[Webtest] Dynamic field naming

Dierk Konig webtest@lists.canoo.com
Fri, 22 Mar 2002 09:52:58 +0100

Hi Ben,

>    Actually, I'm simply trying to do a very simple end to end as if I
> was a user.  A user logs in, goes to the empty quotes page, creates a
> new quote, submits it, goes back to the quotes page,  ensures it's now
> got a table of quotes, and deletes the new one.  Not too complicated,
> and, since the customer wouldn't accept that the site works unless a
> user can do this, this seems like functional testing to me :-)

I fully agree.

It's a static sequence of steps, and it should be possible to do this
with webtest.

Where steps the autoincrement in, from the user perspective?
I haven't got that.

Is it the names of the input paramaters? The Values?
I don't think so.

How does it work if you check you webapp manually?

> ..
>    So, without stopping and starting the server to ensure that MySQL is
> being accessed by different connections, I can't know for sure what the
> ID of the newly inserted quote is.

Isn't it enough to check for the number of quotes in the page?
Can you possibly check it with a regex?

When you really need to reset the DB, why not doing it via an
Administration Servlet that you call via WebTest?

(We sometimes even create users via WebTests, let them do some
trades and remove them at the end of the test. This, to ensure a
"well-known" test environment. )

> Seems like in the webapp
> environment, with connection pooling on the server and whatnot, it's
> difficult to ensure that the "known database call" is really known!  If
> I was writing the tests before the app, it might be easy to work around,
> but I'm not :-(

Well, for the functional testing one often needs some sophisticated
setup like test- and integration DB's that can be recovered including
the test data. Starting from scratch is the only way to ensure "well-known"
calls in that case.

That is why functional testing is so much harder than unit testing where
you just fake the DB.

>    I couldn't find anything on the JUnit site specifically about
> functional testing, really, but I've read my share of XP literature and,
> though it's fuzzy, the impression I got as to what functional
> (acceptance) tests were supposed to do is basically that which I'm doing
> here.

Yes, your'e on the right track (or I am wrong as well :-)).

>  I thought I was on the right track!  Will someone please point me
> to a good explanation of where the line gets drawn?  Or, explain where I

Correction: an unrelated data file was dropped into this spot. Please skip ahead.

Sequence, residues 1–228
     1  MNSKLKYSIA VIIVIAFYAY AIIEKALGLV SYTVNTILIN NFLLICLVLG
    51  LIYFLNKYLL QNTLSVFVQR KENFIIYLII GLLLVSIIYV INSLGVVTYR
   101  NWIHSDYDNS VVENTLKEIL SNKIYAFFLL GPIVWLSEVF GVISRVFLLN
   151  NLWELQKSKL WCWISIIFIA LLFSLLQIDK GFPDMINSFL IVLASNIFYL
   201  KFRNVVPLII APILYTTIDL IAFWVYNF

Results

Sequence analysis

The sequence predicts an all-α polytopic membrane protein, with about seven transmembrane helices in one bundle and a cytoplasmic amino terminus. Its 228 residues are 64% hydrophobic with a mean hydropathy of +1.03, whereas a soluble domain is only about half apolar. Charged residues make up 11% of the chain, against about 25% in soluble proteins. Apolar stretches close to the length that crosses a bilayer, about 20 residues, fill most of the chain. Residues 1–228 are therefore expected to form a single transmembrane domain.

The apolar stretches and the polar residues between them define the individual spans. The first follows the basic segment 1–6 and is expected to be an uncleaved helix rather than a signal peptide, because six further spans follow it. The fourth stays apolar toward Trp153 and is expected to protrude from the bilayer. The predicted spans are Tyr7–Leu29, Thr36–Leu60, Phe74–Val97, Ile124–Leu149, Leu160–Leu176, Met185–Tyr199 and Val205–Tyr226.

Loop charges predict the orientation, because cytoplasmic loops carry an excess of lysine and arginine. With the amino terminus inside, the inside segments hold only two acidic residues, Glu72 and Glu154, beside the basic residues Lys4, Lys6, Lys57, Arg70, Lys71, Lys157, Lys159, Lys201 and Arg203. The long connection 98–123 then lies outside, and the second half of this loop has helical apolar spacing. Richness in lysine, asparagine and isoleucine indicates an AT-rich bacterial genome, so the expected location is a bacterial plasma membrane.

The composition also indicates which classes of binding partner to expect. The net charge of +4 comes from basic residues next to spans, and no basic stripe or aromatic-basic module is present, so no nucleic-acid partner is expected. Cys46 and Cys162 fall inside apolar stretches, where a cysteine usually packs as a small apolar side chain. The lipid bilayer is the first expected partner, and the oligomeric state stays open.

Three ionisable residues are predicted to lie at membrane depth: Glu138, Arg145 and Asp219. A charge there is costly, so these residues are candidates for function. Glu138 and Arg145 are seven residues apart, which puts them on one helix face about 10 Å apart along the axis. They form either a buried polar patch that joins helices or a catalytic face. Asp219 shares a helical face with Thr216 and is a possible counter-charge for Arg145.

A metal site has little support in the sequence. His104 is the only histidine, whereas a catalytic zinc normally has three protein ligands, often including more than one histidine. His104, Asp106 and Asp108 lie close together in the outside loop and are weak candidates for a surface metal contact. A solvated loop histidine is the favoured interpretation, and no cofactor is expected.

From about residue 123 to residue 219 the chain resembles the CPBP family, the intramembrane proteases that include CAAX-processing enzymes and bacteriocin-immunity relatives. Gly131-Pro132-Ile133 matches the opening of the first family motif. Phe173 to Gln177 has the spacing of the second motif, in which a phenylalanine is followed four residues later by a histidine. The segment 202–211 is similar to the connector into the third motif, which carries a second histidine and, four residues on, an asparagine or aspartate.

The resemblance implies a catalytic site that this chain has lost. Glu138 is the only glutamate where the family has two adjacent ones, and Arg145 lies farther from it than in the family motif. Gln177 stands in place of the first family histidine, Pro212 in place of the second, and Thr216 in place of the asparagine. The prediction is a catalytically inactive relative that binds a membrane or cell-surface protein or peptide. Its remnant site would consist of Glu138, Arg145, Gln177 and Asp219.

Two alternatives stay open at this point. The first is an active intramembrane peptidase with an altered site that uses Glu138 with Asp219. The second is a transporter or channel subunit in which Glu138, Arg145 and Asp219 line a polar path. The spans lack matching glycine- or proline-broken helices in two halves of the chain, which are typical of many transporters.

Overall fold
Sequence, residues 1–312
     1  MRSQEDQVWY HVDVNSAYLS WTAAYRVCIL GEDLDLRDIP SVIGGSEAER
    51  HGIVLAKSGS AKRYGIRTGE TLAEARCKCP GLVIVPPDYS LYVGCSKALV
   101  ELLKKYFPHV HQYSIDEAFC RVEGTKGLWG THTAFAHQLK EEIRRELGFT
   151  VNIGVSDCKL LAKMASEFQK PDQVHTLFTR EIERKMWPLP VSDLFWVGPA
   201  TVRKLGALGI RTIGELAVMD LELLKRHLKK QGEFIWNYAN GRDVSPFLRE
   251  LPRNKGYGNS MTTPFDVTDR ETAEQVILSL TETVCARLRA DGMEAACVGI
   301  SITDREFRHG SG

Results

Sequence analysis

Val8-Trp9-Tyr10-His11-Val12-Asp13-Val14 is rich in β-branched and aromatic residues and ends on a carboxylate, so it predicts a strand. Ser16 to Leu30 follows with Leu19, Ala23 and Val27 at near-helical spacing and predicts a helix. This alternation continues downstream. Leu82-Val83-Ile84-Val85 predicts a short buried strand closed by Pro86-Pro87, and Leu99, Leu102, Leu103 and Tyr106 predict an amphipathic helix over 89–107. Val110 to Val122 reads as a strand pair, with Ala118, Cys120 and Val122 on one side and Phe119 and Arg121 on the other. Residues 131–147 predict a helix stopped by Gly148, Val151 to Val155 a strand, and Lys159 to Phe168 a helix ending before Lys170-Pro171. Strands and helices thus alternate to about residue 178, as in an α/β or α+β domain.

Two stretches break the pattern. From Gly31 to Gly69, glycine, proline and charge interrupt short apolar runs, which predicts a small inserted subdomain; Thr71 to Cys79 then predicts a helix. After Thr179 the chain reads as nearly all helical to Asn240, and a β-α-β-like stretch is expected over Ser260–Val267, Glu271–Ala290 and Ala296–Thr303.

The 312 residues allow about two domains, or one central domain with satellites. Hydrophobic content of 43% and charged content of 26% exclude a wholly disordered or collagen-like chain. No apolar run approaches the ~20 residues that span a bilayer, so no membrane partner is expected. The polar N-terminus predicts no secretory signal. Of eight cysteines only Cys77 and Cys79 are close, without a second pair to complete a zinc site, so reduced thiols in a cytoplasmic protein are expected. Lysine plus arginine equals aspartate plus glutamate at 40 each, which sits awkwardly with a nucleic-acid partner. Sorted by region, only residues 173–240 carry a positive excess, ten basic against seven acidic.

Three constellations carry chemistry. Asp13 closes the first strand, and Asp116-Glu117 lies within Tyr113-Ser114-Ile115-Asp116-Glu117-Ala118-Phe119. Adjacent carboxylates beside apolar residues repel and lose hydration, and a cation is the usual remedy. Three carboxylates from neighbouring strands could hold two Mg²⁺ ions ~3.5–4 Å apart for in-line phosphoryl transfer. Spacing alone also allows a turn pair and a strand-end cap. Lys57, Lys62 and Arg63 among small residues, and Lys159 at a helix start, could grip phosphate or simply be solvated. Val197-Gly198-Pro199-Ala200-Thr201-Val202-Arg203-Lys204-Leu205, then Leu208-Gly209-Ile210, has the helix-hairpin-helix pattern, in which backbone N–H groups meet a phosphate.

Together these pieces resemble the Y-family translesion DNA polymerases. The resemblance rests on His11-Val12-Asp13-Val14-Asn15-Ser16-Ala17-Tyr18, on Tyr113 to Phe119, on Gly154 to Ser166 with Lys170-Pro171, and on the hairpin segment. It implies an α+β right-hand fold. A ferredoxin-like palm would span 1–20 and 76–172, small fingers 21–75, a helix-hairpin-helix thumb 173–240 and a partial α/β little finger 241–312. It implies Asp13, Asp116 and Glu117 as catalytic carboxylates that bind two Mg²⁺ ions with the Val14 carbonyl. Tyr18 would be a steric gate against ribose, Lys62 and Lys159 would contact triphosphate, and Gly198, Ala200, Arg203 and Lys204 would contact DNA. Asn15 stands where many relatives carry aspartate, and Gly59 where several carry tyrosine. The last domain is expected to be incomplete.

> should stop in my simple end-to-end in order for it to qualify as
> "functional testing"?

I'm not sure where your testing effort is really targeted at.
What I ask myself in such a case is:
- what _did_ break lately?
  (DB-call of quote insertion, DB-call of qoute deletion,
   HTML rendering of quote, quote insertion into user session,..)
- what is the easiest way to test this?
  (Unit test for DB-statements, Unit tests for proper HTML,
   Unit tests for user-session handling, ...)

>    By the way, has anyone investigated the use of this sort of
> Ant-based, XML-specified architecture for doing unit testing?  If
> WebTest were to expose more of the functionality in the HttpUnit API, it
> might be able to handle both types of testing!  This would probably
> require a more heirarchical schema for the task definition, however.

There is a tool from some guys in Australia or New Zealand that I saw a
presentation of at OOPSLA 99. It captures Unit Tests in XML, executes them
and reports execution. (it is called JUnitX or so)

It is my considered opinion that Unit tests need to be expressed in your
programming language and that they need to go with your code without
any barrier. I need to switch smoothly between Unit Tests and production
code minute-by-minute. My Unit Tests capture the design, and the api, both
in syntax and semantic. To do this in my programming language comes most
natural to me.

Why then putting the functional tests in XML/ANT?
They belong to the customer. He needs to understand and maintain it.


>    Thanks for the advice,
>      Ben
> Dierk Konig wrote:
> > Hiall,
> >
> > I would like to add that this feature typically indicates that one
> > tries to use functional tests (WebTests) for logic.
> >
> > It may seem strange but this is not what functional tests are
> > suppose to do. Logic is to be handled by Unit Tests.
> > (cf http://www.junit.org)
> >
> > Functional tests assert that the units that make up the logic
> > are assembled correctly. With DB that typically means that one
> > well-known call is enough to test through the web-interface.
> >
> > cheers
> > Dierk
> >
> >
> >
> >>-----Original Message-----
> >>From: webtest-admin@lists.canoo.com
> >>[mailto:webtest-admin@lists.canoo.com]On Behalf Of Carsten Seibert
> >>Sent: Mittwoch, 20. Marz 2002 14:34
> >>To: Webtest mailing list (E-mail)
> >>Subject: RE: [Webtest] Dynamic field naming
> >>
> >>
> >>Hi Ben,
> >>
> >>we are thinking about such a feature as well. Our "business
> case" shows a
> >>system-generated  transaction id somewhere on a page. It must
> be verified
> >>that the same id appears later in a summary.
> >>
> >>A solution could be an extension to the existing verifyXXX